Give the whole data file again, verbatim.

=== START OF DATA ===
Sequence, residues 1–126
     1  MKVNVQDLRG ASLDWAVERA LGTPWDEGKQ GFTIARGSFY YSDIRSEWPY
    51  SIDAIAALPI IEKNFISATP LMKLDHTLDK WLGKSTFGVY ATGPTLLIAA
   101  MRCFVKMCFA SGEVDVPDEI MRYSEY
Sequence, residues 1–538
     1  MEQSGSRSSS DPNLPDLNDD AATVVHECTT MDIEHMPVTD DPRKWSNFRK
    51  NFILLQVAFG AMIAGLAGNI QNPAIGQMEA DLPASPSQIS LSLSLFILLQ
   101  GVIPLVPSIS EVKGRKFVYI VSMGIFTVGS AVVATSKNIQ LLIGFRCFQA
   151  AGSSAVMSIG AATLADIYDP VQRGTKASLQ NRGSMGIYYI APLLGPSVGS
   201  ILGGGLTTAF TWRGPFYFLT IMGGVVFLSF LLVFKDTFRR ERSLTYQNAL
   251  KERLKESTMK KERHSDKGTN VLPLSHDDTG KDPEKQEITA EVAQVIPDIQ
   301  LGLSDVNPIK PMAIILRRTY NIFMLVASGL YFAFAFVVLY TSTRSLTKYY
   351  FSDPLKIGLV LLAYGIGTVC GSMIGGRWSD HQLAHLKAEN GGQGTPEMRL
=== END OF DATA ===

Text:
Sequence, residues 1–126
     1  MKVNVQDLRG ASLDWAVERA LGTPWDEGKQ GFTIARGSFY YSDIRSEWPY
    51  SIDAIAALPI IEKNFISATP LMKLDHTLDK WLGKSTFGVY ATGPTLLIAA
   101  MRCFVKMCFA SGEVDVPDEI MRYSEY
Sequence, residues 1–538
     1  MEQSGSRSSS DPNLPDLNDD AATVVHECTT MDIEHMPVTD DPRKWSNFRK
    51  NFILLQVAFG AMIAGLAGNI QNPAIGQMEA DLPASPSQIS LSLSLFILLQ
   101  GVIPLVPSIS EVKGRKFVYI VSMGIFTVGS AVVATSKNIQ LLIGFRCFQA
   151  AGSSAVMSIG AATLADIYDP VQRGTKASLQ NRGSMGIYYI APLLGPSVGS
   201  ILGGGLTTAF TWRGPFYFLT IMGGVVFLSF LLVFKDTFRR ERSLTYQNAL
   251  KERLKESTMK KERHSDKGTN VLPLSHDDTG KDPEKQEITA EVAQVIPDIQ
   301  LGLSDVNPIK PMAIILRRTY NIFMLVASGL YFAFAFVVLY TSTRSLTKYY
   351  FSDPLKIGLV LLAYGIGTVC GSMIGGRWSD HQLAHLKAEN GGQGTPEMRL